05 July 2009
Not Done with 2008 Quite Yet
WTT more or less dismissed 2008 as a terrible year in film but I have just seen a film, Tarsem's The Fall, that is, shall we say, a piece of candlelight guttering in the wind. Or, to borrow an image from the film, an elephant swimming through a tropical reef. So what if the film was made in 2006, it came out in 2008 damn it. If nothing else, Tarsem proves himself superior to McG in the one-named music video and commercial director category.
I have to take a moment to wander into autobiography and consider Tarsem's only other film, The Cell. When it released I had no clue who Tarsem was but I knew exactly who Jennifer Lopez was--2001 was the apex of my Jennifer Lopez affection. The Cell became the most hotly anticipated release in my 16 year old life because it was rated R and I would have to sneak past the authorities to get in. And I had been stopped before (note: at 16 I probably looked the same way that McLovin looked at age 12). Somehow, possibly because I looked older in my clever brim-low baseball hat disguise, or maybe because the guy selling tickets was 16 himself, I got in. And then The Cell! About which I remember exactly one scene, the one where the horse gets chopped up...
(And not even a good J Lo outfit...)
It is possible that I've forgotten the other great shots from The Cell and will similarly lose track of the tremendous visuals in The Fall. But I doubt it. The film was made over four years and shot in 18 countries, a Wong Kar Wai pace to movie making that I admire. While I wouldn't compare Tarsem to Kar Wai, it's obvious that both put a premium on unforgettable images.
In addition to the parade of lush shots, The Fall has two titanic dissolves that deserve special mention. Early in the film we are introduced to our four heroes, who are stranded on a tiny island, united in their hatred of Governor Odious. One of them, a naturalist named Charles Darwin, describes a rare specimen of butterfly that Odious killed and sent to him. We get a shot of the gorgeous blue and green butterfly fluttering then a dissolve back into an extreme long shot of the island, which turns out to be butterfly shaped. I should note that I think the film is worthwhile on the strength of Darwin's flamingo coat alone:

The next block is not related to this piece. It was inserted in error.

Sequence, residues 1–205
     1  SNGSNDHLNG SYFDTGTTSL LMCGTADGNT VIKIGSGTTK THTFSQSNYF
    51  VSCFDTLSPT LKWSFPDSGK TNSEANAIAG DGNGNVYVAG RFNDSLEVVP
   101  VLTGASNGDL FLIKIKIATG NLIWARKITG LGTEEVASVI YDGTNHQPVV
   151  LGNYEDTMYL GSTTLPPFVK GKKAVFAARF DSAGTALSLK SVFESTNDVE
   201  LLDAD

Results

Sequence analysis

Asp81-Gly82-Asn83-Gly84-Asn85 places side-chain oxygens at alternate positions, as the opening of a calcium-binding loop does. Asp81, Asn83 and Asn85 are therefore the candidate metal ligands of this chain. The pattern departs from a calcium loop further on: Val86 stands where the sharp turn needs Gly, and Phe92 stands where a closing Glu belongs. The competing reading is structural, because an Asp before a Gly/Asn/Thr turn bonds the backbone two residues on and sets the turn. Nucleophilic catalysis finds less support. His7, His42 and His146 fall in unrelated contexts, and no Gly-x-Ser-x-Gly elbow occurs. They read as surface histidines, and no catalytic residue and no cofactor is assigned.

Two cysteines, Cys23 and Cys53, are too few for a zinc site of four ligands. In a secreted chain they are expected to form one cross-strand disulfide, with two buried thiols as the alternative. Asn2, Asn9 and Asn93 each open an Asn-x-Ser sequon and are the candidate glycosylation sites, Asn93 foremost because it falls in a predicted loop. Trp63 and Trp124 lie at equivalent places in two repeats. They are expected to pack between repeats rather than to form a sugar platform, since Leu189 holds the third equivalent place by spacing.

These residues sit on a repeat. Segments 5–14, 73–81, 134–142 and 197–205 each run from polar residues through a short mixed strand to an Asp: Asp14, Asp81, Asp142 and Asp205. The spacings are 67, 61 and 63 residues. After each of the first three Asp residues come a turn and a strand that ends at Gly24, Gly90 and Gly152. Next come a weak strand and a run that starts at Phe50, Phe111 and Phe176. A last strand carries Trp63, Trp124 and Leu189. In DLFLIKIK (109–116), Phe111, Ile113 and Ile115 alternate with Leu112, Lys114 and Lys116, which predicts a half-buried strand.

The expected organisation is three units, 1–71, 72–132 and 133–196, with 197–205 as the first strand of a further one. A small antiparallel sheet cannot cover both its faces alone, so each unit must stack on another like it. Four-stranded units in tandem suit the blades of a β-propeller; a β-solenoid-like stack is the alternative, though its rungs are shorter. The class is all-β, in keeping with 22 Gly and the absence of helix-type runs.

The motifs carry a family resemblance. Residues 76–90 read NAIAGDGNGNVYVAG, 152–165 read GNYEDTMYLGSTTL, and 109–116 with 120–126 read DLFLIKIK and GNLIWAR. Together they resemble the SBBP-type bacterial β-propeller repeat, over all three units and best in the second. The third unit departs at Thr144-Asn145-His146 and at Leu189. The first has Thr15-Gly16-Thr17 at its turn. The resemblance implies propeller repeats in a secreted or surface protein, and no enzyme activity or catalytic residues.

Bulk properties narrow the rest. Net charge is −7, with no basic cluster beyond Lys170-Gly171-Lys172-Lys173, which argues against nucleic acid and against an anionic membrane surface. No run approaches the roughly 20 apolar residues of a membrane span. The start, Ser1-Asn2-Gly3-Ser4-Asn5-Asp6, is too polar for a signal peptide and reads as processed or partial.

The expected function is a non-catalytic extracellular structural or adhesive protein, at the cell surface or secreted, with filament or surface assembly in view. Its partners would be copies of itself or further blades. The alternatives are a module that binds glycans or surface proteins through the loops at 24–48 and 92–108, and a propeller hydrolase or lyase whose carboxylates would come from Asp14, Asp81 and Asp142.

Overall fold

The other dissolve is more surprising. A close up of a priest's stony face at a wedding turns into black rock strewn steppe where the heroes are tethered and left to die. It actually takes a few moments to parse what's happened, as the temporal shift is so pronounced. Many other great visual concepts are well-executed. How about a burned man born from a tree?
Or how about a massive castle surrounded by a blue moat of houses?
On it's glittering surface, The Fall is reminiscent of Pan's Labyrinth, which I loathed. There's a girl being told and then participating in a fantastical story.
Young Alexandria bests Ofelia in Pan's Labyrinth for cuteness and humorousness, and The Fall is able to enter a world of pure fantasy without overdone metaphors about Justice and War. Where the ending of Pan's Labyrinth is inevitable and dull, there is actually a good deal of drama in The Fall as fallibility of Roy, the man telling the tale to Alexandria, intercedes in and complicates the narrative. Emotions ran so hard that I had the idea that I could possibly, maybe, even shed a tear.
A good counterpoint to The Fall is Jesse Ball's 2009 novel, The Way through Doors, which is itself a sort of variation on the classic Scheherezade situation. The book's looping narrative and syntactical inventiveness mirrors the recursive imagery (of horses, boxes, water and much more) in The Fall. We tell each other stories in order to live and Tarsem has made an indelible moving picture of one such story.